State Department officials say the United States is considering contacts with elements of Afghanistan's militant Islamic Taliban movement, as part of a broad Bush administration review of the conduct of the Afghan war. The review is expected to be completed after the U.S. presidential election. VOA's David Gollust reports from the State Department.
Officials here say that while no decisions have been made, the policy review could lead to a direct U.S. dialogue with what are termed "reconcilable" elements of the Taliban.
The Bush administration began an urgent review of Afghanistan policy earlier this month, in the face of what U.S. military officials say is a mounting insurgent threat in Afghanistan by the Taliban, elements of al-Qaida, and other Islamic extremists.
The Afghan government of President Hamid Karzai has been engaged in contacts with relatively moderate Taliban elements brokered by Saudi Arabia.
The United States, while supporting the Saudi-led dialogue, has thus far spurned direct talks itself.
But a senior State Department official who spoke to reporters here Tuesday said the idea of U.S contacts with some Taliban factions is "certainly something that has been discussed as part of the review."
The official said American outreach to Sunni tribes in Iraq, initially hostile to the U.S.-led intervention in that country, helped turn them against al-Qaida and to sharply reduce violence in that country.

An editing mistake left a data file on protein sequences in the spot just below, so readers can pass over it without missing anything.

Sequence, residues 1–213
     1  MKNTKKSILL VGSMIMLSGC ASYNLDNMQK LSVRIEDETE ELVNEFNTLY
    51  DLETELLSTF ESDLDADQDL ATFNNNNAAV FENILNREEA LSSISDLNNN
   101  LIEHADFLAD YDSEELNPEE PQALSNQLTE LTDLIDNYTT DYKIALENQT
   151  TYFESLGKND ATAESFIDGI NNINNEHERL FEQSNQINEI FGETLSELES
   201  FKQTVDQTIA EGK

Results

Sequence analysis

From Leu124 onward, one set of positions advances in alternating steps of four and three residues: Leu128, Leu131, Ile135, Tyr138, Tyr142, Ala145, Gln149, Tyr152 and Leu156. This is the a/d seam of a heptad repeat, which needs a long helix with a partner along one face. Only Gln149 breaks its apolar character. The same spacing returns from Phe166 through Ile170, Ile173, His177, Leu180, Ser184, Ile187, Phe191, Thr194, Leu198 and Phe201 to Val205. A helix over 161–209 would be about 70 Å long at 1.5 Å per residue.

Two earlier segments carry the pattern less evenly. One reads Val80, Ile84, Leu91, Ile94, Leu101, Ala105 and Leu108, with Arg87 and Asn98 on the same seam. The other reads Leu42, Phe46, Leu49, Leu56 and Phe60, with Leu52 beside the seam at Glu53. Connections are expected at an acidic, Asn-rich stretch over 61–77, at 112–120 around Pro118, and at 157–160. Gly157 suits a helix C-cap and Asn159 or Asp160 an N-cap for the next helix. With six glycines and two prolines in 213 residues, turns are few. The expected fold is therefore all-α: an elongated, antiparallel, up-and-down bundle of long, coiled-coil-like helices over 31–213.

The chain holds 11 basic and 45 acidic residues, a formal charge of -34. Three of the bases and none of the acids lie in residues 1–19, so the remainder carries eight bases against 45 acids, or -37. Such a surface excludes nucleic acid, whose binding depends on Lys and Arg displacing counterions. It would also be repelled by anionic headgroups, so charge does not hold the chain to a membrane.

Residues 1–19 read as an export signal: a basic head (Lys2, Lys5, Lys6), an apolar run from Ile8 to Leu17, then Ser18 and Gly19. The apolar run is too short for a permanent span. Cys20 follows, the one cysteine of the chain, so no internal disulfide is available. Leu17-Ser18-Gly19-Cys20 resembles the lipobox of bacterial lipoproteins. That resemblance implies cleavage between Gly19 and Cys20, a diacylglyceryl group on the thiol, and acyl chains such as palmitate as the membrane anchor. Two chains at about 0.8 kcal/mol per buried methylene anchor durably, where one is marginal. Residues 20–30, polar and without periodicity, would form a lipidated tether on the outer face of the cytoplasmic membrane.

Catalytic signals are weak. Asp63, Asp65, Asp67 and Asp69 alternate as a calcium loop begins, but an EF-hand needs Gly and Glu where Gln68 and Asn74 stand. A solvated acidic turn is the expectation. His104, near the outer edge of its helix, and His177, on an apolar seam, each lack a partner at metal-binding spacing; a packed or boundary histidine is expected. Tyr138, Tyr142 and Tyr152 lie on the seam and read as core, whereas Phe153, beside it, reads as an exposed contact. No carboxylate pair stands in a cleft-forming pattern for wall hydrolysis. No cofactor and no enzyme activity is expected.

At a news briefing, State Department Deputy spokesman Robert Wood said a similar U.S. overture - to Taliban elements willing to reconcile with the Kabul government - is a possible outcome of the review:
"I'm not saying that that's not a possibility. What I'm saying is that there is a review ongoing and we're looking at a wide range of aspects of our policy, to try to improve our ability to battle extremism in Afghanistan, and help the Afghans do their jobs as well," said Wood.
Wood said any direct U.S. contact with the Taliban would be in the context of a broader reconciliation process which he said "has to be something that the Afghans themselves take ownership of, and lead."
The senior official who spoke here said any Taliban elements that take part would have to meet the Karzai government's terms, and renounce violence, pledge allegiance to the Afghan constitution and become part of the political process.
It is unclear whether any Taliban factions would be willing to make such commitments, and U.S. officials say they do not envisage talks with the movement's radical senior leadership.
The Wall Street Journal, which reported the potential dialogue Tuesday, quoted one U.S. official as saying the United States will never sit at the table with the fugitive leader of the Taliban, Mullah Omar.
The idea of outreach to less-extreme Taliban elements has been publicly endorsed by U.S. Army General David Petraeus, the former Iraq commander who this week becomes head of the U.S. Central Command which includes responsibility for Afghan operations.